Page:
Taking the time to explain to clients how beneficial mediation truly is will increase the odds that a settlement is reached. Also, attorneys should devote care to the process of selecting a mediator. Too often and hourly rate and immediate availability outweigh the value of an experienced and constructive mediator at the table with the parties. In the construction arena, while in some cases the parties never willagain deal with each other, many times there is value to be found in crafting a mediated solution that is not just expressed in dollar and cents terms. Reputation and opportunity ought not to be neglected.
Attorneys should ask their clients to be prepared to explain the entire problem they have with the situation. For customers, this may include intangible losses, like ability to show a space due to time overruns or construction defects. It also does the client good to figure out what his or her best solution to their problem is, and whether that is best targeted in court or by mediated agreement. The other side may give up things or perform favors to get to mediated private settlement that are unavailable after a trial.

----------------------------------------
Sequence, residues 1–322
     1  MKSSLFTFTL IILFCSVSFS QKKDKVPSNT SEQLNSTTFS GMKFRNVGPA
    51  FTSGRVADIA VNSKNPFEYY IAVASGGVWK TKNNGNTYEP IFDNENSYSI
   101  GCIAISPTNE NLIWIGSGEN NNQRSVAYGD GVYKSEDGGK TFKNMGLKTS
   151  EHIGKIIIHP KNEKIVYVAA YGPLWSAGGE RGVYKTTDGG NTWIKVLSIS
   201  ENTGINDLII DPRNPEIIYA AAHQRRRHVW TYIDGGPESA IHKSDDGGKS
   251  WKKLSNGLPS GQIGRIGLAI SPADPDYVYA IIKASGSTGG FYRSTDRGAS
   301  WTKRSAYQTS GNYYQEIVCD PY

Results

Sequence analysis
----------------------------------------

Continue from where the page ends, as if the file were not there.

Your clients should also understand that mediation provides them with control over the outcome of their cases. Explaining the mediation process in detail will alleviate your client’s concerns about the next steps in the case.
Although many environmental cases are instituted by state or federal agencies, there are also cases that involve only private parties. These cases have serious implications for the parties involved, not the least of which is the risk that public airing of facts and contentions may stimulate private tort or property related class actions from the general public in the vicinity of the problem. A private mediation or arbitration of such disputes can be invaluable to obtaining a just resolution without undue publicity.